4 Dec, 2007
The traditional way of setting up subversion is via Apache but what if you don't want to install Apache? In that case you can use svnserve but what if your host won't let you run a persistant server? In that case you can create a linux system account for every user and give them induvidual SSH logins. You then give your users a URL starting svn+ssh:// instead of the usual http://. The Subversion client recognises this form of URL and invokes a local ssh process, connecting to the host, authenticating as the user, then spawning a private svnserve process on the remote machine running as that user. The svnserve command is being invoked in tunnel mode (-t) and its network protocol is being tunneled over the encrypted connection by ssh, the tunnel-agent. svnserve is aware that it's running as the user, and if the client performs a commit, the authenticated username will be attributed as the author of the new revision.
This is all well and good but you might not wa nt to have to create user accounts for each of the users you want to give access to subversion. In this case you can create one system user account and use a different SSH private key for each user you want to grant access to. You then setup the ~/.ssh/authorized_keys file so that each user only has access to svnserve and that each svnserve process is started with their particular username so that all the commits are handled correctly. This is only possible with subversion 1.1.0 and above.
This is what we are going to do for two users, james and mike. james is a linux user, mike is a Windows user.
First let's setup the server:
sudo apt-get install subversion openssh-server
Then create a subversion user svn, a home directory, an .ssh directory and finally set the correct permissions:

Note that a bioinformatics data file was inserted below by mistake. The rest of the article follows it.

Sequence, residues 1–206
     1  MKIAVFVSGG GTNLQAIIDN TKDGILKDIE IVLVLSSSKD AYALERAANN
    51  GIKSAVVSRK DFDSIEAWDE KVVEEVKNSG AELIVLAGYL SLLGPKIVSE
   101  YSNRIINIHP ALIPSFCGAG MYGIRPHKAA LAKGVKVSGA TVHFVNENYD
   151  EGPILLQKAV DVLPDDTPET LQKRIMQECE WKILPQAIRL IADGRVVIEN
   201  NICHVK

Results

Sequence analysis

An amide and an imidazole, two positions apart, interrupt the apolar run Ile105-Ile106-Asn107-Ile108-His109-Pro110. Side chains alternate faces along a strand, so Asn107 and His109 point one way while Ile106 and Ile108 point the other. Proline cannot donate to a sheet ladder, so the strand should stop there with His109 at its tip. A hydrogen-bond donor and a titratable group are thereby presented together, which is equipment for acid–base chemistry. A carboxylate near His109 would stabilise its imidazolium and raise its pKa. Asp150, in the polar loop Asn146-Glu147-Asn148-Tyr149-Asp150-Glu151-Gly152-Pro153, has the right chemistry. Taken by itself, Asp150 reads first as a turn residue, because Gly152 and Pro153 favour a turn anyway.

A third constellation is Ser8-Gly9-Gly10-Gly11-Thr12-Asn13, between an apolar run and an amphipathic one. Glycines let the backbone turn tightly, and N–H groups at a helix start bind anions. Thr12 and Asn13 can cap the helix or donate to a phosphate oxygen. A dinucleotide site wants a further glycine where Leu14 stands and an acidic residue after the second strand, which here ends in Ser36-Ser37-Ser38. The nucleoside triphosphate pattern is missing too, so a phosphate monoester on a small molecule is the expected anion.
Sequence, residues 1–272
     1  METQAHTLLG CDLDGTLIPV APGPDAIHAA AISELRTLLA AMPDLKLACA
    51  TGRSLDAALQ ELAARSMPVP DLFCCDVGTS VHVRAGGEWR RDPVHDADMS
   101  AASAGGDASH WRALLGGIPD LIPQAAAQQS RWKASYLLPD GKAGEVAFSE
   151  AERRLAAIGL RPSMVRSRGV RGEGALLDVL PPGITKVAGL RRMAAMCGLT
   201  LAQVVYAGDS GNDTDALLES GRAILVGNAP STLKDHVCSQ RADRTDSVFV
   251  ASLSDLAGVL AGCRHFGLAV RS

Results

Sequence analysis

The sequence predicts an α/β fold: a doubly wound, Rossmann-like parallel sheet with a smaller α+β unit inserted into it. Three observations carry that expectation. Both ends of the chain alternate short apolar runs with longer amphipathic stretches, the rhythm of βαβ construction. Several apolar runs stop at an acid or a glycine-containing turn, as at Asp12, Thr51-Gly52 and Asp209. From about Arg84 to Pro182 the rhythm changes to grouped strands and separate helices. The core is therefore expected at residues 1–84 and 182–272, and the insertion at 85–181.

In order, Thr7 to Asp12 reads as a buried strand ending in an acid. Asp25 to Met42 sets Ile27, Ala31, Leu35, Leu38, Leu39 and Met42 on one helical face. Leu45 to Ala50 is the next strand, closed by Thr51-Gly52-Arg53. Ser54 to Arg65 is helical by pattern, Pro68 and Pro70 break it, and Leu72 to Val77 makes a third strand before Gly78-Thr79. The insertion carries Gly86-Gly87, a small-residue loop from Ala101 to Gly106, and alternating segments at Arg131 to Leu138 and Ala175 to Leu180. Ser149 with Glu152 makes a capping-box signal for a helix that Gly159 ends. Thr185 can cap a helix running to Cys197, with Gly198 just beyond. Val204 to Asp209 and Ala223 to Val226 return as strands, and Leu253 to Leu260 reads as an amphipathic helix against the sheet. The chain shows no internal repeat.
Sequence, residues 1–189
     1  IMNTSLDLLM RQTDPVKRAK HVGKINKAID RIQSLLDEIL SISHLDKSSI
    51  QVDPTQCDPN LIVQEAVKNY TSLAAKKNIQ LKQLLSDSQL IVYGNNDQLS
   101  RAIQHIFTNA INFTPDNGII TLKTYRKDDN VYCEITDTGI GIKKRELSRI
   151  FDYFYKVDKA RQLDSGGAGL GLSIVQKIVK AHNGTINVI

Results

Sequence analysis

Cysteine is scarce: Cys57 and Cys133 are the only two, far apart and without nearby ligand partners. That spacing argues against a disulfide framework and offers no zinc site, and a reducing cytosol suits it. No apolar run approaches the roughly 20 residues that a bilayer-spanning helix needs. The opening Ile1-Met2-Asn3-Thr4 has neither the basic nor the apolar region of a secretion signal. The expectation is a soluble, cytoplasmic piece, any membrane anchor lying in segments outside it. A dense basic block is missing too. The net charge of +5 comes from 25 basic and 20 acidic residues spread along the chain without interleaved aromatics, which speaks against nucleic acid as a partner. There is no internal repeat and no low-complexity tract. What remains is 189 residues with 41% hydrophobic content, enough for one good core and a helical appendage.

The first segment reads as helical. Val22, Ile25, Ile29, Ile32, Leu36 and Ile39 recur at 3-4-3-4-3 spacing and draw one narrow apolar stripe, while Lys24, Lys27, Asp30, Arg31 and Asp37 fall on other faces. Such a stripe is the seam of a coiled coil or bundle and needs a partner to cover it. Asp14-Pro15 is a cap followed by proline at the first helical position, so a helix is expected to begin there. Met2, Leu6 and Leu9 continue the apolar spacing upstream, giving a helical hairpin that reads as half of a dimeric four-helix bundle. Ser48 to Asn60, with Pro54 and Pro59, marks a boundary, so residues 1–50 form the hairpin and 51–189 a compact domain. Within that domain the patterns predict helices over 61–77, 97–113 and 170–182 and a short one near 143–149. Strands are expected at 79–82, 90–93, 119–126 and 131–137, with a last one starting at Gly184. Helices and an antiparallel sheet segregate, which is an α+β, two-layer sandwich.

sudo useradd svn sudo mkdir /home/svn sudo mkdir /home/svn/.ssh sudo chown -R svn:svn /home/svn
If you intend to be able to login as svn for testing purposes later you should set a password:
sudo passwd svn
Create the directory for the repositories:
sudo mkdir /var/svn
Setup a repo repository and commit the first import:
sudo mkdir /var/svn/repo sudo mkdir /tmp/repo sudo mkdir /tmp/repo/branches sudo mkdir /tmp/repo/tags sudo mkdir /tmp/repo/trunk sudo svnadmin create /var/svn/repo sudo svn import /tmp/repo file:///var/svn/repo -m "initial import" sudo rm -rf /tmp/repo
Change the permissions so that the svn user and svn group have access:
sudo chown -R svn:svn /var/svn/repo
Set the permissions to 770 and the umask to 2 so that any files are created have the correct permissions:
sudo chmod 2770 -R /var/svn/repo
At this point you can test the setup manually. As a user other than svn try this:
svn co svn+ssh://svn@localhost/var/svn/repo .
This should prompt you for the password a couple of times and then checkout the repository.
We are half way there, next we need to set up two SSH public-private key pairs, one for Mike, one for James. As the svn user run:
ssh-keygen -t rsa -b 1024 -f mike.key ssh-keygen -t rsa -b 1024 -f james.key
With each command you can just press <Enter> twice unless you want to set a password. You will now have the files mike.key, mike.key.pub, james.key and james.key.pub in the current directory. The .key files are the private keys. They should be given securely to Mike and James repsectively. Anyone who gets hold of the files will have the same permissions to the repository as James and Mike so they should be treated with the same respect as a password and not posted online!
Since Mike is on Windows he will need WinSCP, PuTTY, PuTTYgen and TortoiseSVN (the latter requires adminsitrator access to install).
Here's what he does:
Use WinSCP to copy the mike.key file to his desktop if he didn't recieve it any other way
Open PuTTYgen and from the Conversions menu, select Import, then browse to and select mike.key. Leave the passphrase boxes blank and select Save private key. Click Yes on the confirmation box, and save the key with a .ppk extension, like mike.ppk. This is now a key that PuTTY can use.
Start PuTTY again. Fill out the hostname box, then scroll down to SSH > Auth. Browse for the mike.ppk file. Then go back up to Sesson, give the session a name (for example mike) and save it. Test by logging in with the username ssh. You should see something like this:
login as: svn Authenticating with public key "imported-openssh-key" ( success ( 1 2 ( ANONYMOUS EXTERNAL ) ( edit-pipeline svndiff1 absent-entries ) ) )